Collective Identity: Essential Areas of Exploration
The New Yorker cartoon by Peter Steiner, 1993
      • How do the contemporary media represent nations, regions and ethnic/social/collective groups of people in different ways? 
      • How does contemporary representation compare to previous time periods? 
      • What are the social implications of different media representations of groups of people? 
      • To what extent is human identity increasingly ‘mediated’?
A focus on identity requires us to play close attention to the diverse ways in which media and technologies are used in everyday life, and their consequences both for individuals and for social groups.

Buckingham, 2008

"The presentation of self" (Goffman, 1990) is a combination of practises - such as the clothes we wear, the media we consume, the people we like - that amounts to an idea we have of how others see us.

Teachers, celebrities, footballers: - professional identity and social identity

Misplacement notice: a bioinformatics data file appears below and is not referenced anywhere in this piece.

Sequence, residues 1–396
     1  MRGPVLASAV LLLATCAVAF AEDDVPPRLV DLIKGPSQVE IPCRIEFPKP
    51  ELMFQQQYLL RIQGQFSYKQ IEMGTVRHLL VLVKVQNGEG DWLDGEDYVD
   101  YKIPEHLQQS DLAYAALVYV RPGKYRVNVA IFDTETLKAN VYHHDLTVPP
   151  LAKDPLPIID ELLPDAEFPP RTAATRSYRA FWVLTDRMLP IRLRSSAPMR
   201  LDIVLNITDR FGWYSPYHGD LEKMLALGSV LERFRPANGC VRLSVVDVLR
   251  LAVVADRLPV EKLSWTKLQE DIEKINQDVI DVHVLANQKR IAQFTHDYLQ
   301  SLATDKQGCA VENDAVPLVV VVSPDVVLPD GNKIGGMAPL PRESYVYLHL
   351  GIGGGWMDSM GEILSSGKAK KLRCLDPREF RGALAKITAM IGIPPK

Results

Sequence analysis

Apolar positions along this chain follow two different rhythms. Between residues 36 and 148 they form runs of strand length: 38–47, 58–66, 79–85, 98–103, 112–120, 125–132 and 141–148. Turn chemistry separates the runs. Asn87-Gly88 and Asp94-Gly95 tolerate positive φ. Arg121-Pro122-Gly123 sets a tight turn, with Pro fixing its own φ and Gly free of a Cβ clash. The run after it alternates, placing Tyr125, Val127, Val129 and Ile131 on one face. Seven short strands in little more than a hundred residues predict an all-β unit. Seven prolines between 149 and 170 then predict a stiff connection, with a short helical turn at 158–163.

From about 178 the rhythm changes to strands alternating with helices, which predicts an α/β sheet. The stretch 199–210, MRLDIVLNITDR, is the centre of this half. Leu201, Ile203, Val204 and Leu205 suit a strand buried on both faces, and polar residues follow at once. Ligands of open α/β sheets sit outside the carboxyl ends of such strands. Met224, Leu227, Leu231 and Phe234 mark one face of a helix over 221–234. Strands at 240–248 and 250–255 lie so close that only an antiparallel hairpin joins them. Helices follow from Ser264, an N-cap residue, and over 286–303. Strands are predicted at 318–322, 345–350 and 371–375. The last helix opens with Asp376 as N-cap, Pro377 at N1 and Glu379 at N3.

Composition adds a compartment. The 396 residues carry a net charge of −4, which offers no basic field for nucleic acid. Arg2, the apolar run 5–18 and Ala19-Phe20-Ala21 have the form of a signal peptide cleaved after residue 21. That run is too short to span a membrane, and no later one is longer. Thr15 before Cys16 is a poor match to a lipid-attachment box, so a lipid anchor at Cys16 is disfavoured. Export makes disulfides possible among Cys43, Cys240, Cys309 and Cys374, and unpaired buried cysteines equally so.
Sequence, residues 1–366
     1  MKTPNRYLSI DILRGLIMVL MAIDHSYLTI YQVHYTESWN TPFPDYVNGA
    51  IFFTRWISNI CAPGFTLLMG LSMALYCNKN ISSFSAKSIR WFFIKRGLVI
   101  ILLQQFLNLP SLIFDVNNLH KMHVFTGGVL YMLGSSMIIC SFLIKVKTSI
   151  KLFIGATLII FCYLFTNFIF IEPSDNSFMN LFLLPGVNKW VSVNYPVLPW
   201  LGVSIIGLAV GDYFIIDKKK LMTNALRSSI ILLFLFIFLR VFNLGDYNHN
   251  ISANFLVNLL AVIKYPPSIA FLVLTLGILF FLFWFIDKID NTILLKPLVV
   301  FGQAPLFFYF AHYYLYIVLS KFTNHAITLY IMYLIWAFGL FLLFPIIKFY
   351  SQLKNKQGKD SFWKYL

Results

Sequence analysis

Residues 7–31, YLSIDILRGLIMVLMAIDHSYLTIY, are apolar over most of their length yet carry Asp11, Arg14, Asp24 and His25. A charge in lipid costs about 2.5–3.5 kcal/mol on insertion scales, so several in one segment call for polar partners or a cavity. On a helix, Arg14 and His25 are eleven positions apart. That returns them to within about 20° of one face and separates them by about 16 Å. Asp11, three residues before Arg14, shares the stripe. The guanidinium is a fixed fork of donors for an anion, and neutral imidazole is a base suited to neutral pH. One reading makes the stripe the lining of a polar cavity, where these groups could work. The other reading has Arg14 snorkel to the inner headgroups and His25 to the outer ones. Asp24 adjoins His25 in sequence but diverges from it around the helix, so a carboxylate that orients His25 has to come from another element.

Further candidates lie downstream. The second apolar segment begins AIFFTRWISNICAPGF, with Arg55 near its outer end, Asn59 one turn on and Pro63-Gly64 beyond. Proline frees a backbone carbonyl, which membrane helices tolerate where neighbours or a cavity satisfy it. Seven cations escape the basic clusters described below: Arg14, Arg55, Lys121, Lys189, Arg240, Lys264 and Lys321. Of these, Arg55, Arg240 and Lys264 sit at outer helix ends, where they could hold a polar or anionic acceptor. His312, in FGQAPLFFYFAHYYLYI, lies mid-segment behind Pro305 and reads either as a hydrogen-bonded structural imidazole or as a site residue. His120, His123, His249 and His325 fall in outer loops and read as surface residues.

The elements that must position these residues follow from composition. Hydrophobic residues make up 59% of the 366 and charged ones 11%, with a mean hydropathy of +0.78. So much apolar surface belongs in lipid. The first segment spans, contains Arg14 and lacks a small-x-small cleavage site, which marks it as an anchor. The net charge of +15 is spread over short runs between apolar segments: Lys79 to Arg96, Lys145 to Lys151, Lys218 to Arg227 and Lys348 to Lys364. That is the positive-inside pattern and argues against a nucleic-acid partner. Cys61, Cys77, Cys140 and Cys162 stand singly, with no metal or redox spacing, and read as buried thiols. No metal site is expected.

Minority groups: - all have cause for concern about how others make assumptions about them based on their identity, e.g. Muslims, disabled people, the elderly, tattooed people, homosexual people, teenagers, Australians, etc.
Identity is complicated. Everyone thinks they've got one. Magazines and talk show hosts urge us to explore out 'identity'. Religious and national identities are at the heart of major international conflicts. Artists play with the idea of 'identity' in modern society. Blockbuster movie superheroes have emotional conflicts about their 'true' identity. And the average teenager can create three online 'identities' before breakfast... Thinking about self-identity and individuality can cause some anxiety - at least in cultures where individuals are encouraged to value their personal uniqueness. Each of us would like to think - to some extent - that we have special, personal qualities, which make us distinctive and valuable to the other people in our lives (or potential future friends). But does this mean anything? 
Is individuality just an illusion? 
Maybe we are all incredibly similar, but are programmed to value minuscule bits of differentiation.

Gauntlett, 2007